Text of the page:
Cheating compromises the integrity of baseball. It is from the integrity of the game that all players and team officials derive their income. On some level, the cheaters are ultimately stealing from themselves and harming their own long-term interests. Why would they do so? Cheaters imagine themselves to be invulnerable; they see short-term incentives with little or no long-term accountability. Yet, accountability does inevitably come.

Cheating compromises the integrity of society. Fraud (including Egyptian slavery) is not merely a crime against its victims; it is a crime against the place of justice in God’s world. If allowed to continue fraud strikes a blow against the very basis of markets and the social cohesion upon which society rests. If enough cheating goes on in the playground, children eventually take their marbles and themselves out of the game.

The Exodus story is not only evidence to God’s enduring love of the Jewish people; it is also proof of God’s commitment to the justice upon which society stands. As the Torah says, “Against all gods of Egypt, I will execute judgments” (12:12). While the arguments of Chizkuni and Rabbenu Chananel hold much weight from the perspective of the Jewish people, the individual Egyptian (defrauded of his or her gold and silver) probably felt differently. “Borrowing” these materials allows accountability to trickle down from Pharaoh to the average Egyptian for the fraud that is slavery. The price of slavery descended upon all who benefited from its existence. In executing what to the Egyptian eyes was certainly an injustice, the Jewish people were asserting a different system of right and wrong. They privileged God’s moral perspective. In laying claim to these items, the Jew asserted independence not just from the master’s whip but also from his law book. For this reason, the story of borrowed materials is an essential part of the Exodus story.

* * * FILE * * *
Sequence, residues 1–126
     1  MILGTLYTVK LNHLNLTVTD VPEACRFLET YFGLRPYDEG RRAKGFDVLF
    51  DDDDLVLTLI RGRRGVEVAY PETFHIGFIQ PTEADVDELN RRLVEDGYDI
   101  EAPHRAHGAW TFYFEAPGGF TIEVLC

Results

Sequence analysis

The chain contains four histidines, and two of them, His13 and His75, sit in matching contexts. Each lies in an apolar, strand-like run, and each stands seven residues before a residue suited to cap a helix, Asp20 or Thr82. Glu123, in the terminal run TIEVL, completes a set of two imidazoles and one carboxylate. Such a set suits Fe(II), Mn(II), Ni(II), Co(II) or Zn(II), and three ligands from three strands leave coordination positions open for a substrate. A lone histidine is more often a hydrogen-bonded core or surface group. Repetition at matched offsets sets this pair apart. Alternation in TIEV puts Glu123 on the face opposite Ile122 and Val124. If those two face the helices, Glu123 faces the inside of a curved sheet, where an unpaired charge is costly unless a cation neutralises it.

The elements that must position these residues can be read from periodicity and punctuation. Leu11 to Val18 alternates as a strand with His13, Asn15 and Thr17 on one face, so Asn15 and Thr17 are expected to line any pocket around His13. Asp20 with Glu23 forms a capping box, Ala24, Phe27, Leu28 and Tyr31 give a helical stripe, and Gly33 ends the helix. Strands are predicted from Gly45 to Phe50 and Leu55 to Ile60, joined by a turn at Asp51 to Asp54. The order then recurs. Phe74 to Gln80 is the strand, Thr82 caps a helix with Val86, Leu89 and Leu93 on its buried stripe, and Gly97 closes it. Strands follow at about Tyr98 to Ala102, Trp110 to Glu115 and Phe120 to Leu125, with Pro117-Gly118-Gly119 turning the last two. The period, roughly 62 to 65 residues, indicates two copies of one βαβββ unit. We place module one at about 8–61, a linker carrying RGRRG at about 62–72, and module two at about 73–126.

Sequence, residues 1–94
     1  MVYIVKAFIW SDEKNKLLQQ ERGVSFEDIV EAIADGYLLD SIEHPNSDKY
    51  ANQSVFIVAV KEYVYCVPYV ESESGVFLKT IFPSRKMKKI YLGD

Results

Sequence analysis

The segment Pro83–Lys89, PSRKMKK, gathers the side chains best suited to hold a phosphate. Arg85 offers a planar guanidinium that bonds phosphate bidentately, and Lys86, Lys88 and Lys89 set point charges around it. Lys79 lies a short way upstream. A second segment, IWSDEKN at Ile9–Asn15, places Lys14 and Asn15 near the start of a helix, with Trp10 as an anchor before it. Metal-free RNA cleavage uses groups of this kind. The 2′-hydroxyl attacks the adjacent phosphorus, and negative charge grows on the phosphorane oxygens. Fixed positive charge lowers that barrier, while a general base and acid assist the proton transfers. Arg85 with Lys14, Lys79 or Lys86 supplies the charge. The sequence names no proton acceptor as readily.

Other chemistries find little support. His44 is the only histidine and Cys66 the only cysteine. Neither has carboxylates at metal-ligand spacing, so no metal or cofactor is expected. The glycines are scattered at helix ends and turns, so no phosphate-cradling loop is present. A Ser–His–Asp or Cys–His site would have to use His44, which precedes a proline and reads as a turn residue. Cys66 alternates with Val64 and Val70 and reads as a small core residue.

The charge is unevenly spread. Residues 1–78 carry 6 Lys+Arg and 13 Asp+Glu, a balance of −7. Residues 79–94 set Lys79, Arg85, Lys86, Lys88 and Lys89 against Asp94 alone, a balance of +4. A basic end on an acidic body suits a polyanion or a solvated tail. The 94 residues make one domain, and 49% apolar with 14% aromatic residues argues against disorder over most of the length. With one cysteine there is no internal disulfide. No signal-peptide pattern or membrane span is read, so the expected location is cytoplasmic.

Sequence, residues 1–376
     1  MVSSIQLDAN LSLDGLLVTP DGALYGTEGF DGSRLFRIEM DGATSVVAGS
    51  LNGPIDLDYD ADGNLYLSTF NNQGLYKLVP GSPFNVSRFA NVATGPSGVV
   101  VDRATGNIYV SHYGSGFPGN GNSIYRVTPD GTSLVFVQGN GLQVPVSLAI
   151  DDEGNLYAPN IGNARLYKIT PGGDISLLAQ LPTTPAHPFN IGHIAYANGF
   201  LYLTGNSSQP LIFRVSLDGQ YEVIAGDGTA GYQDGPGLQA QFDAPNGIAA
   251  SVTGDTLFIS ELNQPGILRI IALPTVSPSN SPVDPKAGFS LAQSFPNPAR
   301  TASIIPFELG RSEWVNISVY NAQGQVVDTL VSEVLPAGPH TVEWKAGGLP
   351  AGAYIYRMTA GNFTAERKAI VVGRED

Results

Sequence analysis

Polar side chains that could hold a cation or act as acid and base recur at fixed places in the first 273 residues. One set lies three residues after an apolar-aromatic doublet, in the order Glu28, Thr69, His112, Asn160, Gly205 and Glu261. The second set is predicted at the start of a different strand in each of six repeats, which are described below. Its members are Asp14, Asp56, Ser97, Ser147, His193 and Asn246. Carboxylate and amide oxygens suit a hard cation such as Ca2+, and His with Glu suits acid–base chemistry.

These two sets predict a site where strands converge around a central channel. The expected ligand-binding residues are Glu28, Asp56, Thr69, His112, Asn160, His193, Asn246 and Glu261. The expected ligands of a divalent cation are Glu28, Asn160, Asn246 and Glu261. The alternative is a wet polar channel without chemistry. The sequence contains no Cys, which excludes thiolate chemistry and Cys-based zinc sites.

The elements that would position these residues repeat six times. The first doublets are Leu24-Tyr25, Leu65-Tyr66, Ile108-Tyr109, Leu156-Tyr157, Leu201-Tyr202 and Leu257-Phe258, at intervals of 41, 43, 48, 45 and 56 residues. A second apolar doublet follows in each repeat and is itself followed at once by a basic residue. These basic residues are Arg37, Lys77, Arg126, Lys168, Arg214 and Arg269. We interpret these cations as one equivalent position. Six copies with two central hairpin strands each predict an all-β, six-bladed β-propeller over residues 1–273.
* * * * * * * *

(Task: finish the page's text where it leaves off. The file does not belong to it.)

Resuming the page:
I wonder about the self-justifications that the woman, who sought to steal my personal information, makes. What does the workspace, from which she made that call, look like? Who are the other people in that room making similar calls? Do they see their “work” as a job like any other job, “offshoring” any moral responsibility onto their employers or the business culture that they inhabit? Do they ever think about how their work affects the lives on the other end of the line?

These questions are not only for “them;” they are also for us. Rabbis speak a lot about how we live our private lives – asking us to act honestly in our personal conduct and charitably in our care for our neighbour. Rarely, if ever, do they speak about the effects of our work on society and the outcomes of our corporate lives upon the marketplace. When we subscribe to Milton Freedom’s maxim, “The social responsibility of business is to increase profits,” what other responsibilities, to God and to man, are we laying aside? These issues are worth pursuing – especially when we celebrate the moral independence, that God gave us when freeing us from Egyptian bondage.

Alasdair MacIntyre, in his magnum opus After Virtue, speaks of managerial culture and its expulsion of moral thinking: “The manager represents in his character the obliteration of the distinction between manipulative and non-manipulative social relations…. The manager treats ends as given, as outside his scope; his concern is with technique, with effectiveness in transforming raw material into final products, unskilled labor into skilled labor, investment into profits. Managers, [in their role as managers, do not and are not able] to engage in moral debate” (30). We inhabit this managerial culture. Rabbis and synagogues are not exempt. It behooves us to remove these managerial blinders and engage in moral debate. We must ask ourselves about morality in all aspects of our lives. What do our life-activities really do to our world? If we are unsatisfied with the answer, may we readjust our lives to more fully live the Torah’s morality and its freedom.

Mon, 15 July 2024 9 Tammuz 5784